• Don’t create new problems for yourself. It doesn’t sound to me like you’d have any problem working in an office job. Are you crippled, maimed or cognitively impaired? No, then you can handle a job. I have to use my left hand for my mouse because of tennis elbow. I don’t think twice about it anymore. Don’t fortune tell problems or scenarios that don’t exist.   As Mark Twain said, “I have known a great many troubles, most of which never happened.”
  • Don’t define yourself by your problems. No ones life is perfect, far from it. Think of who you’d be if you didn’t have your problems. Probably the exact same person. So rediscover who you are and just start over from that point. When I was growing up playing hockey and we were getting whopped by another team, our coach would huddle us together between periods, tell the score was 0-0 and that our job was to win the next period, not the game. The game didn’t seem winnable at this point, but the opposing teams were always caught of guard in the next period by a team they’d mostly counted out. I don’t know that we ever lost a period after those talks, and we came back to win a surprising number of games from a big deficit.
  • Create a routine. You don’t have a job. You’re job now is to get a job. Wake up early, have a morning routine and go somewhere (coffee house etc) where you will work at getting a job for eight hours a day. Now that doesn’t mean writing resumes for that long. It can and should include networking, reading, learning, informational interviews, improving job skills, etc. But create a schedule for yourself. You should make exercise and the outdoors part of the schedule. Research shows that exercise helps alleviate depressions and the NY Times just published an article on another study that shows How Walking in Nature Changes the Brain.
  • Reframe. When I was applying for jobs after being essentially unemployed for 18 months, I listed the 6 months of travel/backpacking I did as “travel sabbatical” on my resume. A director at one of the companies I interviewed at asked about my travels with envy. During my year of wantrepreneurship, I didn’t successfully launch the company I envisioned, but I did learn valuable skills such as blogging, social media, SEO and others. In my interviews, I talked about these skills and my successes, not the fact I couldn’t ultimately raise money and folded the enterprise. Use your time being unemployed, as a chance to learn new job skills, volunteer, pick up a hobby and/or travel. If you don’t think you have the money, a subscription to Lynda runs $25/month. There’s more there to learn than you could possibly cover in a lifetime.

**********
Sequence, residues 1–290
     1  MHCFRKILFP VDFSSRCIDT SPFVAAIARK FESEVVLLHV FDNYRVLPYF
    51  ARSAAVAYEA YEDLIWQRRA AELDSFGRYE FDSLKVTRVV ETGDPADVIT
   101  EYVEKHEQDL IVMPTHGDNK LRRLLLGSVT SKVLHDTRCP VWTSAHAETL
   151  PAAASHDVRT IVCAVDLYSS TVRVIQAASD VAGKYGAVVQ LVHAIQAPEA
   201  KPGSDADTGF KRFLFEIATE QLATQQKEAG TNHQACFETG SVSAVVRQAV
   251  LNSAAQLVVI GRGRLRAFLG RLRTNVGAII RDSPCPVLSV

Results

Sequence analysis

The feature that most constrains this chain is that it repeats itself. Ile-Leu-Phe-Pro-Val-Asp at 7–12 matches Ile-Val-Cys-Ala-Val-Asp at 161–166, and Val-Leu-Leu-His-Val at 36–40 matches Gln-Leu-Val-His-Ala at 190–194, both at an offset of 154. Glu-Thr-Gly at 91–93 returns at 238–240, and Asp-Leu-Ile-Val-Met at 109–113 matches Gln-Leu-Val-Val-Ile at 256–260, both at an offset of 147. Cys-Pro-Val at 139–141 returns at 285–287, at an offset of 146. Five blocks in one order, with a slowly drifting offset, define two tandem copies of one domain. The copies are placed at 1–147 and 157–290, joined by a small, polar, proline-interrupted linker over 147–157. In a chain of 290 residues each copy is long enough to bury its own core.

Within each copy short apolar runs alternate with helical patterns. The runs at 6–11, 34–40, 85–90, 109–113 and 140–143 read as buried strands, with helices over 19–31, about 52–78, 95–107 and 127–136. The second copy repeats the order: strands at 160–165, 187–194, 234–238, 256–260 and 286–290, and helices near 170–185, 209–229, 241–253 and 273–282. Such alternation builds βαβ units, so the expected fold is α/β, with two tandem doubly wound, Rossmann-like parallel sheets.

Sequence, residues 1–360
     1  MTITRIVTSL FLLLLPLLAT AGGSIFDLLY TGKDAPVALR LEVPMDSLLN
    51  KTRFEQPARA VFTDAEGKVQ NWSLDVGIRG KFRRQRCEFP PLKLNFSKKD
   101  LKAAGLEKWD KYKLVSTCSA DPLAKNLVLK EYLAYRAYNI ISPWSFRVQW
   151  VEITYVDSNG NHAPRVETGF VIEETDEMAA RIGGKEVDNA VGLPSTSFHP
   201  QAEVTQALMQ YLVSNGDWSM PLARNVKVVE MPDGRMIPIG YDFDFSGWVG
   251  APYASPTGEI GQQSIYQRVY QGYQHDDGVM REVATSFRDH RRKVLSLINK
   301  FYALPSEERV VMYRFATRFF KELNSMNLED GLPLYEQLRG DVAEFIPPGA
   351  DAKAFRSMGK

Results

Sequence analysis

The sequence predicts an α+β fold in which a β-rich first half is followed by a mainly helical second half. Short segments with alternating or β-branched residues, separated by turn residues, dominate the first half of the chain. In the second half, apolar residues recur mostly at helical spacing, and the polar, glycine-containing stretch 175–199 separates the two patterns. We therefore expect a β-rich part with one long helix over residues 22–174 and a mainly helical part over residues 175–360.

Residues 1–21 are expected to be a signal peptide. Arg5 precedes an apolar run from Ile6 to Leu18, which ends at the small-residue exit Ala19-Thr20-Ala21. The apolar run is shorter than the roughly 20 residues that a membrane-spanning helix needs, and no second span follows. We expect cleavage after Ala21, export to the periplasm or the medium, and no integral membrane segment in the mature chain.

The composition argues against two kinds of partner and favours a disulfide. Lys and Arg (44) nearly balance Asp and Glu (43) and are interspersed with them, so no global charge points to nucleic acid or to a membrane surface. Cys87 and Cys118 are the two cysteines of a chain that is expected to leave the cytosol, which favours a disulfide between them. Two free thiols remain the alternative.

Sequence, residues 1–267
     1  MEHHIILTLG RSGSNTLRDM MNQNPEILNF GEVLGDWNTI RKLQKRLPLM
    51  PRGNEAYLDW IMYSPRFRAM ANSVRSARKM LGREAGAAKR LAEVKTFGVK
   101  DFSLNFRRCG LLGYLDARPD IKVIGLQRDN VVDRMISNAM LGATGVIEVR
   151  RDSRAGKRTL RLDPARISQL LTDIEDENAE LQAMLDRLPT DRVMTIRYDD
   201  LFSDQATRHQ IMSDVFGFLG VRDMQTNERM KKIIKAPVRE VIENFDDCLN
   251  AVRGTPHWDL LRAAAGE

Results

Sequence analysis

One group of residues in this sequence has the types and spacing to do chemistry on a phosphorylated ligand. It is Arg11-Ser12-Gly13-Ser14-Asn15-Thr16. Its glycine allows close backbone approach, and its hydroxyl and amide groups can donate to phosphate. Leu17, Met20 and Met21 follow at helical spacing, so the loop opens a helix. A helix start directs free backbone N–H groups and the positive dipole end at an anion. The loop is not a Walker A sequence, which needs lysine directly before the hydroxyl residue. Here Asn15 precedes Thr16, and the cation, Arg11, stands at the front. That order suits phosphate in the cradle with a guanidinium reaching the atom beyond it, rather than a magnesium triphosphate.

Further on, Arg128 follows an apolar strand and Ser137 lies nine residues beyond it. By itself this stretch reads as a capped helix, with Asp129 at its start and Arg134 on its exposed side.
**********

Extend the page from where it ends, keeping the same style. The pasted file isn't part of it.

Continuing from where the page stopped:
• Get inspired. You’re far from the first or only one in your predicament. Countless others have overcome difficulties far worse than yours. It can help immensely to watch and read their stories. James Altucher writes a great blog about personal development and shares his own ups and downs in his career. Nick Vujicic was born without arms and legs. That’s right, no arms or legs. He was bullied so badly that he contemplated suicide. He’s now a hugely successful motivational speaker. Watch his Ted Talk:
  • Embrace uncertainty. This comes from Deepak Chopra’s “Seven Spiritual Laws of Success” which I’d recommend reading and rereading. It’s really only part of Deepak’s message, but one that ties very deeply to encountering difficulties. Acting from a place of fear or depression won’t do anything to help you overcome your situation.
  • See the abundance. When times are hard, you see what’s missing and what you don’t have. The world feels scarce, because you’re focused on the scarcity. But there’s another side to it. Think of what’s abundant in the world. Make a list. You don’t have a job, but that can change very quickly. The U.S. economy is adding 200,000 new jobs a month! Why can’t one be yours?
  • Become grateful. Practice gratitude. Read “The Magic.” You’ll start to see that how even at what may seem like the lowest point in your, you have countless things to be grateful for. When you see that and recognize that everything will change.